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Time for Ricky Ponting to hand over the captaincy

Roar Guru
26th December, 2010
153
3739 Reads
Ricky Ponting of Australia plays a shot before being dismissed on day one of the Fourth Ashes Test

Ricky Ponting of Australia plays a shot before being dismissed on day one of the Fourth Ashes Test match between Australia and England at the Melbourne Cricket Ground in Melbourne, Sunday, Dec. 26, 2010. The traditional Boxing Day test is expected to draw a record crowd by the end of play. (AAP Image/Julian Smith)

Cricket at its basest level is still the noblest sport of all. When decency is transgressed, cricket will exact its retribution. Prior to the lead up for this the fourth Test, fans and media alike were unanimous in castigating the captain, the selectors and even Siddle’s pet dog. It was irrelevant if he actually has a dog.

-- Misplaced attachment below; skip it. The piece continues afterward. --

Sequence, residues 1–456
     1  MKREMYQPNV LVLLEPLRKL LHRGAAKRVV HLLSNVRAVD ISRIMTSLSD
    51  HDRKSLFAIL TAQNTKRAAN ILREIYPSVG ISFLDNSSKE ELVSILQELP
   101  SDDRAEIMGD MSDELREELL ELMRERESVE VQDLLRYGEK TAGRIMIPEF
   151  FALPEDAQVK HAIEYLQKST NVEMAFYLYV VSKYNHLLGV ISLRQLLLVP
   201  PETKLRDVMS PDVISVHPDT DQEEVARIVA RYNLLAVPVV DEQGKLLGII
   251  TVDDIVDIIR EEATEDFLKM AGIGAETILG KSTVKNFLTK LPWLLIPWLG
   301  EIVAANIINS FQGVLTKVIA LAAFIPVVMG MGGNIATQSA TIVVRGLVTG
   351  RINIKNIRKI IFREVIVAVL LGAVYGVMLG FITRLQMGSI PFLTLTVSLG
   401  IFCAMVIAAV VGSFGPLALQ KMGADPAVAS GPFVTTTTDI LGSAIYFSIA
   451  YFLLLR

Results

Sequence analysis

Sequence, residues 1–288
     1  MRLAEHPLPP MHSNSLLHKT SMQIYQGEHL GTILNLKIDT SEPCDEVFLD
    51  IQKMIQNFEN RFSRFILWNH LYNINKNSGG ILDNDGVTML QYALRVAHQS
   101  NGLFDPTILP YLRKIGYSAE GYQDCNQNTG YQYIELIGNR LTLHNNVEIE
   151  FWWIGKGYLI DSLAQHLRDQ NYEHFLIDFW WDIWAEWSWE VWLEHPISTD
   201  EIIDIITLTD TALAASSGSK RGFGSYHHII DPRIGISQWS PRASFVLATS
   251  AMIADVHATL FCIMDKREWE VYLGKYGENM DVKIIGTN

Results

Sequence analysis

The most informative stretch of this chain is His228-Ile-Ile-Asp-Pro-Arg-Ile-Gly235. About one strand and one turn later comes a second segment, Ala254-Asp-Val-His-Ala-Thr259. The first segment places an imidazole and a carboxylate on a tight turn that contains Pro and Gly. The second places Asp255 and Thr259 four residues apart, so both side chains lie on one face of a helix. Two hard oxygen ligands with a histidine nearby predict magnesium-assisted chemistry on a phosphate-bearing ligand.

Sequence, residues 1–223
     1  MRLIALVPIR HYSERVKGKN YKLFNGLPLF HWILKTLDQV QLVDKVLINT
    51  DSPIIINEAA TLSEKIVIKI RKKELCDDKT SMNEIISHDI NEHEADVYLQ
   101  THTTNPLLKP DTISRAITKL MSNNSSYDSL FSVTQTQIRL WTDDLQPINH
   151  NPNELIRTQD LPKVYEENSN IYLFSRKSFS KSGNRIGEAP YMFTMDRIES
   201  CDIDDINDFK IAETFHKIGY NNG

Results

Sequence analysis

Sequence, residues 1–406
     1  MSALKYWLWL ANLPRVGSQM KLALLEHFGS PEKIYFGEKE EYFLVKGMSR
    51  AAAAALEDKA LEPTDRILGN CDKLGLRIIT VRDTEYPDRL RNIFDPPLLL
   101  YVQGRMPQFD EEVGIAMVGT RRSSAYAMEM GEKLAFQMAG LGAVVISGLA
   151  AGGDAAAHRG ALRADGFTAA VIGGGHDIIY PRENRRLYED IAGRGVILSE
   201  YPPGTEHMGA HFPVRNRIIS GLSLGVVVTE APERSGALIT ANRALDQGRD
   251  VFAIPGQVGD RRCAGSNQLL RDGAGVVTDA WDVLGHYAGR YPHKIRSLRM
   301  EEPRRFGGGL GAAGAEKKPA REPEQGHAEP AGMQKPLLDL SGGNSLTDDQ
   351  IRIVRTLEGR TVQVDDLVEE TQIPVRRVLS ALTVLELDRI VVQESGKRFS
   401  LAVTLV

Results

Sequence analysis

Boxing Day was being portrayed as the day Ricky Ponting would be judged. Opinions had been voiced by influential commentators about the uncouth behaviour of Australian cricket teams; especially when they were winning. There was no sledging from the Australians today. But their batting and bowling was still ugly to see.

Watson was dropped in the first over and then again in the second. He perished soon after and Hughes once again flattered only to deceive.

The groans when Ponting was caught behind signified the collective mourning of a proud cricket nation. Perhaps the dancers on his grave have increased in number after today.

I have long supported Ponting as the right man to captain Australia. I think, now, he would serve Australia better by handing the captaincy to someone else. He is too consumed by his desire to see Australia do well and this is impacting his batting. He still remains Australia’s eminent batsman, and has the next innings to prove that.